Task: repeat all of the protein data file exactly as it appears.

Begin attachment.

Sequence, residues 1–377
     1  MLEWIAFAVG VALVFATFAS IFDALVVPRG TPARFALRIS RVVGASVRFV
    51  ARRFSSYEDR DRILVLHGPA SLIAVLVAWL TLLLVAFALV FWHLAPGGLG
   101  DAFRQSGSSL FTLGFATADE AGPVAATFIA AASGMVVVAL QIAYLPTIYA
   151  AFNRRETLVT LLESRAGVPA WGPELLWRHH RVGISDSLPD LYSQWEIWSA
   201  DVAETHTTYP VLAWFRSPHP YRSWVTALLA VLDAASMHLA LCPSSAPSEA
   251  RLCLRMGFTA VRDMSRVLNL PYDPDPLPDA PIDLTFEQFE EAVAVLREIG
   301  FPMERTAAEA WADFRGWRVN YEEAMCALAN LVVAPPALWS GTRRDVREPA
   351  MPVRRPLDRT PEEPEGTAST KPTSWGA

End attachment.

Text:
Sequence, residues 1–377
     1  MLEWIAFAVG VALVFATFAS IFDALVVPRG TPARFALRIS RVVGASVRFV
    51  ARRFSSYEDR DRILVLHGPA SLIAVLVAWL TLLLVAFALV FWHLAPGGLG
   101  DAFRQSGSSL FTLGFATADE AGPVAATFIA AASGMVVVAL QIAYLPTIYA
   151  AFNRRETLVT LLESRAGVPA WGPELLWRHH RVGISDSLPD LYSQWEIWSA
   201  DVAETHTTYP VLAWFRSPHP YRSWVTALLA VLDAASMHLA LCPSSAPSEA
   251  RLCLRMGFTA VRDMSRVLNL PYDPDPLPDA PIDLTFEQFE EAVAVLREIG
   301  FPMERTAAEA WADFRGWRVN YEEAMCALAN LVVAPPALWS GTRRDVREPA
   351  MPVRRPLDRT PEEPEGTAST KPTSWGA